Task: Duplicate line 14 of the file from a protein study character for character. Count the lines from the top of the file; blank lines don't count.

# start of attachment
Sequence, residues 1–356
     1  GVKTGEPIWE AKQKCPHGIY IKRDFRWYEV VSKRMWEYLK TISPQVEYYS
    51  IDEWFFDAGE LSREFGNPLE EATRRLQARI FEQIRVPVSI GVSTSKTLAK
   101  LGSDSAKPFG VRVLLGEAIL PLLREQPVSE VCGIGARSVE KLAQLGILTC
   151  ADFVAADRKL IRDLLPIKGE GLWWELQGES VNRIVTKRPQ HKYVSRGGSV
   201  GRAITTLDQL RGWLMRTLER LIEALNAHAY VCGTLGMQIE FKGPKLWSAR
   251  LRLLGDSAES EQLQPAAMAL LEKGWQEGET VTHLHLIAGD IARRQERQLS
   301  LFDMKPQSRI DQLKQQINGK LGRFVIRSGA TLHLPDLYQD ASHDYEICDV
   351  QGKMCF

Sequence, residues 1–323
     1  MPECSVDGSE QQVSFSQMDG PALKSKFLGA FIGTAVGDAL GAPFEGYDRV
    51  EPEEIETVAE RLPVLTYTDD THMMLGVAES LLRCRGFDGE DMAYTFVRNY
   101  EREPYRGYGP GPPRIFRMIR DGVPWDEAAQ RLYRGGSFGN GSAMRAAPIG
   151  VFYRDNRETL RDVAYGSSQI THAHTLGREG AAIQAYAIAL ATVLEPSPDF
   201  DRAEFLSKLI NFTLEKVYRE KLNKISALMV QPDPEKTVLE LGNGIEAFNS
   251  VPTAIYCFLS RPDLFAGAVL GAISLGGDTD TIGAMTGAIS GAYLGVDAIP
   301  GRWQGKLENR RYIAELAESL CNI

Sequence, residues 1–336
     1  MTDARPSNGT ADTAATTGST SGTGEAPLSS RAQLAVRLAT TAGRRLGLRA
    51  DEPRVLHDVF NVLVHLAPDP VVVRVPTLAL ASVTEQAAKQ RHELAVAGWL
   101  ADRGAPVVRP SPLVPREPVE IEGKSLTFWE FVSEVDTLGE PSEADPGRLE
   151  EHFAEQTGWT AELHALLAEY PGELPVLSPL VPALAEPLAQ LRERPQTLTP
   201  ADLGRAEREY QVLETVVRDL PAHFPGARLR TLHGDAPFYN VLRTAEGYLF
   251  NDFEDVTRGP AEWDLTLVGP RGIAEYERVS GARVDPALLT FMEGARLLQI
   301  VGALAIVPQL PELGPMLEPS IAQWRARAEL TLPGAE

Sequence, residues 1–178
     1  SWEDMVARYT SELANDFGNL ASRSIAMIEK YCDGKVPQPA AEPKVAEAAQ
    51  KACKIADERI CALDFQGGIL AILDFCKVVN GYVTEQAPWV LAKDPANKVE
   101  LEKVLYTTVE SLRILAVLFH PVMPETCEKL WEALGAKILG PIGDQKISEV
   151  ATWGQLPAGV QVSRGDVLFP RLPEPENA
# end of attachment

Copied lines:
   151  VFYRDNRETL RDVAYGSSQI THAHTLGREG AAIQAYAIAL ATVLEPSPDF